Advertisement

Journal of Arid Land

, Volume 10, Issue 6, pp 850–863 | Cite as

Seasonal differences in climatic controls of vegetation growth in the Beijing–Tianjin Sand Source Region of China

  • Lishan ShanEmail author
  • Xiang Yu
  • Lingxiao Sun
  • Bin He
  • Haiyan Wang
  • Tingting Xie
Article
  • 44 Downloads

Abstract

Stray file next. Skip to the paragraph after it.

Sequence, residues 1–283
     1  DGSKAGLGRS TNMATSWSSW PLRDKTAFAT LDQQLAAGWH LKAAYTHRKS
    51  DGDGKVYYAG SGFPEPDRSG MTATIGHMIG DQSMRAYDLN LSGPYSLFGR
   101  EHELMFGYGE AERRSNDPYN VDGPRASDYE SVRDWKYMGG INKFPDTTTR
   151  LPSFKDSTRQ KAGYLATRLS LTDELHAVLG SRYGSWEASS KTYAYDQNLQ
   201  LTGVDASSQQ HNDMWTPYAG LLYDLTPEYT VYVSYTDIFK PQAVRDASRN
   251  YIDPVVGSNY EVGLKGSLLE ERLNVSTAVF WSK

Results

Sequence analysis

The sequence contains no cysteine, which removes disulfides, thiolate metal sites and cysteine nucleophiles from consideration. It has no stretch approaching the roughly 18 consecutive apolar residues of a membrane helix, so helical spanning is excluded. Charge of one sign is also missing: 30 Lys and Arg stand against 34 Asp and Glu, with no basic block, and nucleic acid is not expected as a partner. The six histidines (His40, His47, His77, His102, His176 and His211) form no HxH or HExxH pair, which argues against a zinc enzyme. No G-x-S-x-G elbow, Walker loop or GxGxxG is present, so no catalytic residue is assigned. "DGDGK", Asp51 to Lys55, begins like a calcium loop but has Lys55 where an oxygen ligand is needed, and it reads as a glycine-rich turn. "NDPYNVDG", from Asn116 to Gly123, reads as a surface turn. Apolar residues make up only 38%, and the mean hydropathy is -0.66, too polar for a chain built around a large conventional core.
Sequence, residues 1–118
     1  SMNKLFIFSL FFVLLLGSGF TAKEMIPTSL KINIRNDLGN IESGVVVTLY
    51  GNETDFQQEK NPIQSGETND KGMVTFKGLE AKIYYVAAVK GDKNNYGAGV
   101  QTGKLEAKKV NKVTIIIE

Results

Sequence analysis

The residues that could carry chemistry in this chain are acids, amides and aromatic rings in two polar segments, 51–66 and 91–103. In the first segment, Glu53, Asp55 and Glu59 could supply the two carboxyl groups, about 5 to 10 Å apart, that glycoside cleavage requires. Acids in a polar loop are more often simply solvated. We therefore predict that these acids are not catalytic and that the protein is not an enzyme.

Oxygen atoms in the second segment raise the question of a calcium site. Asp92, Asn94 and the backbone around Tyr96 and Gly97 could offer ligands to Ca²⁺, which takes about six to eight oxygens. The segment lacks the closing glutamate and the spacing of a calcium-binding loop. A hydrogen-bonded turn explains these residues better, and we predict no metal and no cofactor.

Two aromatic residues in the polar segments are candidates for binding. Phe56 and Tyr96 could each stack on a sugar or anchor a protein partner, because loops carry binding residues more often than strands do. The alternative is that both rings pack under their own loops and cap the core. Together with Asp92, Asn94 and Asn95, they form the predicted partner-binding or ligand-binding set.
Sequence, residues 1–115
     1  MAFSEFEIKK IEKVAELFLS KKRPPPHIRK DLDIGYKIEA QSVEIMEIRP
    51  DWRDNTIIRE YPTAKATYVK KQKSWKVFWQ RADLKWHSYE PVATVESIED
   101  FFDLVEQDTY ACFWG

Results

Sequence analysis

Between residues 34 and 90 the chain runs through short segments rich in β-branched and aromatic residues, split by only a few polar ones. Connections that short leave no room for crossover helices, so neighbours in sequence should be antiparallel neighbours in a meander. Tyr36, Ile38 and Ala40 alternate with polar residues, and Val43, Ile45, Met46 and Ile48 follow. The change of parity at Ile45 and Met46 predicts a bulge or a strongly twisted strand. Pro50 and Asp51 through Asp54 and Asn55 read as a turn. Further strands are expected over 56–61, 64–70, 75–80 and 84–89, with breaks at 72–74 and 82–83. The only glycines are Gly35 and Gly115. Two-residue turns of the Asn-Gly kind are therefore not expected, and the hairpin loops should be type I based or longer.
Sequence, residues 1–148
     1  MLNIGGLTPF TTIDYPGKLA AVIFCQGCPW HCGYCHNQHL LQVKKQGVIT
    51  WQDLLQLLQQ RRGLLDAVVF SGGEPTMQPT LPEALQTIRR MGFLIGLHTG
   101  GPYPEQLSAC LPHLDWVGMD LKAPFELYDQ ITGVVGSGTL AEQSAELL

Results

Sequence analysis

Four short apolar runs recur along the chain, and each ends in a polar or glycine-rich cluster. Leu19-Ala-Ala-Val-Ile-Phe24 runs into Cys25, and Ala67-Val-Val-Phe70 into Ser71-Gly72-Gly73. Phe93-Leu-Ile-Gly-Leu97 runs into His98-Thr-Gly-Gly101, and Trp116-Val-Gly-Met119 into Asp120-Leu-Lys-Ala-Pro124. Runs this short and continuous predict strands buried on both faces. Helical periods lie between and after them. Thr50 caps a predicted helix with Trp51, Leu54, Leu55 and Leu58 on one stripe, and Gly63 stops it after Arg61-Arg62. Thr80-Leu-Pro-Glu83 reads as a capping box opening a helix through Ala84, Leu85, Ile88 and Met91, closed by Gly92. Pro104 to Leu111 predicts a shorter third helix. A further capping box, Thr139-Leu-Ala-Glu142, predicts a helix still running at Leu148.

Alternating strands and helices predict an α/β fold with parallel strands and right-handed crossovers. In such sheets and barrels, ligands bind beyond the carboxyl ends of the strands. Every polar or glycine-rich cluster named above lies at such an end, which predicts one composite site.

Launched in 2002, the Beiing–Tianjin Sand Source Control Project (BTSSCP) is an ecological restoration project intended to prevent desertification in China. Evidence from multiple sources has confirmed increases in vegetation growth in the BTSSCP region since the initiation of this project. Precipitation and essential climate variable-soil moisture (ECV-SM) conditions are typically considered to be the main drivers of vegetation growth in this region. Although many studies have investigated the inter-annual variations of vegetation growth, few concerns have been focused on the annual and seasonal variations of vegetation growth and their climatic drivers, which are crucial for understanding the relationships among the climate, vegetation, and human activities at the regional scale. Based on the normalized difference vegetation index (NDVI) derived from MODIS and the corresponding climatic data, we explored the responses of vegetation growth to climatic factors at annual and seasonal scales in the BTSSCP region during the period 2000–2014. Over the study region as a whole, NDVI generally increased from 2000 to 2014, at a rate of 0.002/a. Vegetation growth is stimulated mainly by the elevated temperature in spring, whereas precipitation is the leading driver of summer greening. In autumn, positive effects of both temperature and precipitation on vegetation growth were observed. The warming in spring promotes vegetation growth but reduces ECV-SM. Summer greening has a strong cooling effect on land surface temperature. These results indicate that the ecological and environmental consequences of ecological restoration projects should be comprehensively evaluated.